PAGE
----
Meiji Shrine, located in Shibuya, Tokyo, is the Shinto shrine that is dedicated to the deified spirits of Emperor Meiji and his wife, Empress Shouken. When Emperor Meiji died in 1912 and Empress Shouken in 1914, the Japanese people wished to pay their respects to the two influential Japanese figures. It was for this reason that Meiji Shrine was constructed and their souls enshrined on November 1, 1920.
After the emperor's death in 1912, the Japanese Diet passed a resolution to commemorate his role in the Meiji Restoration. An iris garden in an area of Tokyo where Emperor Meiji and Empress Shouken had been known to visit was chosen as the building's location. Construction began in 1915, and the shrine was built in the traditional Nagarezukuri style and is made up primarily of Japanese cypress and copper. It was formally dedicated in 1920, completed in 1921, and its grounds officially finished by 1926.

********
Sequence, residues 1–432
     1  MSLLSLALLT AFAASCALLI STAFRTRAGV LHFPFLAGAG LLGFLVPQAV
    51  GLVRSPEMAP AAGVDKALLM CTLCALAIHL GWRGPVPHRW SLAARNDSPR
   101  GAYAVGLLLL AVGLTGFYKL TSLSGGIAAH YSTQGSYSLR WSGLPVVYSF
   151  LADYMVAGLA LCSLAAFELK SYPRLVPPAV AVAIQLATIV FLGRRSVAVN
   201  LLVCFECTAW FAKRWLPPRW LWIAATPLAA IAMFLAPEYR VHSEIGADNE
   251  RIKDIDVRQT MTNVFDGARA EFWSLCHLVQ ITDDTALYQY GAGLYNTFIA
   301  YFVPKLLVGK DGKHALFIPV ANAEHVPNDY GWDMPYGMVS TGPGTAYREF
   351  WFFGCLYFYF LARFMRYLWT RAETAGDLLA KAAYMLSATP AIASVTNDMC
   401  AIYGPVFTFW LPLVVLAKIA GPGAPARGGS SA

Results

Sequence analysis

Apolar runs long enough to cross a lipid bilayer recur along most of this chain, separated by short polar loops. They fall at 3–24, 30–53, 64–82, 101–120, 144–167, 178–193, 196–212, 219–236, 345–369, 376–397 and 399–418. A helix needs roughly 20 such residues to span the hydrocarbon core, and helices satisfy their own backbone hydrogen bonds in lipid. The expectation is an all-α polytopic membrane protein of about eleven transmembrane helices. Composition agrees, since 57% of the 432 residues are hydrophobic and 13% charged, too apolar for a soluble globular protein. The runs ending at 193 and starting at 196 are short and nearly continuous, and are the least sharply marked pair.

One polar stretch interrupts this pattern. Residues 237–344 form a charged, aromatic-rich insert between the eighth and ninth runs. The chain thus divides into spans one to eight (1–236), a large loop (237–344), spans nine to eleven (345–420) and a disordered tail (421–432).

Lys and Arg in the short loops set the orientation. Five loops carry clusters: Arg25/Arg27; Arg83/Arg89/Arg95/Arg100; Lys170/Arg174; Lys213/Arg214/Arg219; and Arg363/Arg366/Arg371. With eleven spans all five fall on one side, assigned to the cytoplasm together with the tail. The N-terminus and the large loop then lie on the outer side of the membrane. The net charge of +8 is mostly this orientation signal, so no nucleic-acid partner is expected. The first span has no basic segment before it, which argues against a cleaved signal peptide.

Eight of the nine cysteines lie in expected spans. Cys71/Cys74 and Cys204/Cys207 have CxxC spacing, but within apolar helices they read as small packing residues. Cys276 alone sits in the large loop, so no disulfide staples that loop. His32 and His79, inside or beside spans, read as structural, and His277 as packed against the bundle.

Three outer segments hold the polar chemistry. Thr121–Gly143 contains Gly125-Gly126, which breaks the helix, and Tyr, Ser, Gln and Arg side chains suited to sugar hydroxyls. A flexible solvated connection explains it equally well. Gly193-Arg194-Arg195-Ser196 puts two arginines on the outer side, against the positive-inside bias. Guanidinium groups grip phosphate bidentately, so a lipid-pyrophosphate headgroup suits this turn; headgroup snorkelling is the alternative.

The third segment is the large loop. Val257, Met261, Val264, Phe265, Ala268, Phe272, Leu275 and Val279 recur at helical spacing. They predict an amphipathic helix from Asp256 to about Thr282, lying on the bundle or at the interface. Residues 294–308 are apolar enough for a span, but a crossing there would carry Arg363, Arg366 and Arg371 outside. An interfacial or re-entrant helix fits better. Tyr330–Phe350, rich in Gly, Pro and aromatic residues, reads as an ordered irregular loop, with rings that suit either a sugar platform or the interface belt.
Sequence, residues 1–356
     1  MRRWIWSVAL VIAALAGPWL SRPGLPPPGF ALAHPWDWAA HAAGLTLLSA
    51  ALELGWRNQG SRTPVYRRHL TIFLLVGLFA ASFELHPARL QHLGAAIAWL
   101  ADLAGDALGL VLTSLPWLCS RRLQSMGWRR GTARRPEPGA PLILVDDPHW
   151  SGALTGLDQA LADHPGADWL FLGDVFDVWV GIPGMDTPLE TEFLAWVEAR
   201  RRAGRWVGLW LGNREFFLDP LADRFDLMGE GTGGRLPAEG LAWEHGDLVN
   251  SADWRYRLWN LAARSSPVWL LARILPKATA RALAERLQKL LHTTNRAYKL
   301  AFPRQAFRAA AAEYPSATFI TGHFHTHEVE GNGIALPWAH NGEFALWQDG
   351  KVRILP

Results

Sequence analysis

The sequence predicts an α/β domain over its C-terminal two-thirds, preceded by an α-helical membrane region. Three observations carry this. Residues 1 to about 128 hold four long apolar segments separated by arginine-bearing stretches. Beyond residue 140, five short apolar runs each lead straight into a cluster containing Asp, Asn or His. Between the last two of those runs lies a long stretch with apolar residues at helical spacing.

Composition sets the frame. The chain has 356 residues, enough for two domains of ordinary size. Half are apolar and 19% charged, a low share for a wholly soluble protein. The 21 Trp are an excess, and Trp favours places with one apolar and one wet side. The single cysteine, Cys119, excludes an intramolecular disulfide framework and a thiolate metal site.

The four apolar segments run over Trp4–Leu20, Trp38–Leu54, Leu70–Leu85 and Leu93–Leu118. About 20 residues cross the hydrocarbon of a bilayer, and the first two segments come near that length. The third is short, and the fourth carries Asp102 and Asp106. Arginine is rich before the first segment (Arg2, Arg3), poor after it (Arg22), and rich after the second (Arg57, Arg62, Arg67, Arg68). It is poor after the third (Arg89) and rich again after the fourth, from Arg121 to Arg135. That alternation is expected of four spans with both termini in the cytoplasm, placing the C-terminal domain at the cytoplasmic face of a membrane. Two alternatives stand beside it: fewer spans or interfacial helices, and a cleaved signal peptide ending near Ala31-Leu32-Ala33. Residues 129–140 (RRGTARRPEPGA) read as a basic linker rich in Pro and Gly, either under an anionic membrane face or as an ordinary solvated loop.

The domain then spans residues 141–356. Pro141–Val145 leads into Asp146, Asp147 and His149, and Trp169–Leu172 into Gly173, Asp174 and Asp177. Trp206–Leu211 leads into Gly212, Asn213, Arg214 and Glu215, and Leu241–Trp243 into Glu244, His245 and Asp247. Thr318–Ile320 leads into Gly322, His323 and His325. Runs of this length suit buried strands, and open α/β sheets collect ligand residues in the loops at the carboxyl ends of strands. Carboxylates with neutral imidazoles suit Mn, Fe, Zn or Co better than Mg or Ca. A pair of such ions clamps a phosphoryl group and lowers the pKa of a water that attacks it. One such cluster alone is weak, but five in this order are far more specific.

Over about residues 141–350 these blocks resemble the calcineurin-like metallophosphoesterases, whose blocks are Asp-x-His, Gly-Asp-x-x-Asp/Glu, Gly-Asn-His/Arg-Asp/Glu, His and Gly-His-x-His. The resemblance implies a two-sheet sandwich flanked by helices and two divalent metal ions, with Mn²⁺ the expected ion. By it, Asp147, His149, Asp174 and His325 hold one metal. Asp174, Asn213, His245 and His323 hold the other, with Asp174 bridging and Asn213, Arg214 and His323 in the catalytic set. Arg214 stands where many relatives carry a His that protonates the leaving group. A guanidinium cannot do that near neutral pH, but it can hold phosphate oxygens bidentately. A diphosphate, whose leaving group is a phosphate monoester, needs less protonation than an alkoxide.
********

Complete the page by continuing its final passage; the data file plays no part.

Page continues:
The original building was destroyed during the Tokyo air raids of World War II. The present iteration of the shrine was funded through a public fund raising effort and completed in October, 1958.
Meiji Shrine was brought into the flow of current events with the 2009 visit of United States Secretary of State Hillary Clinton. After arriving in Tokyo on her first foreign trip representing the newly elected President Barack Obama, she made her way to this shrine in advance of meetings with Japan's leaders to show her "respect toward history and the culture of Japan."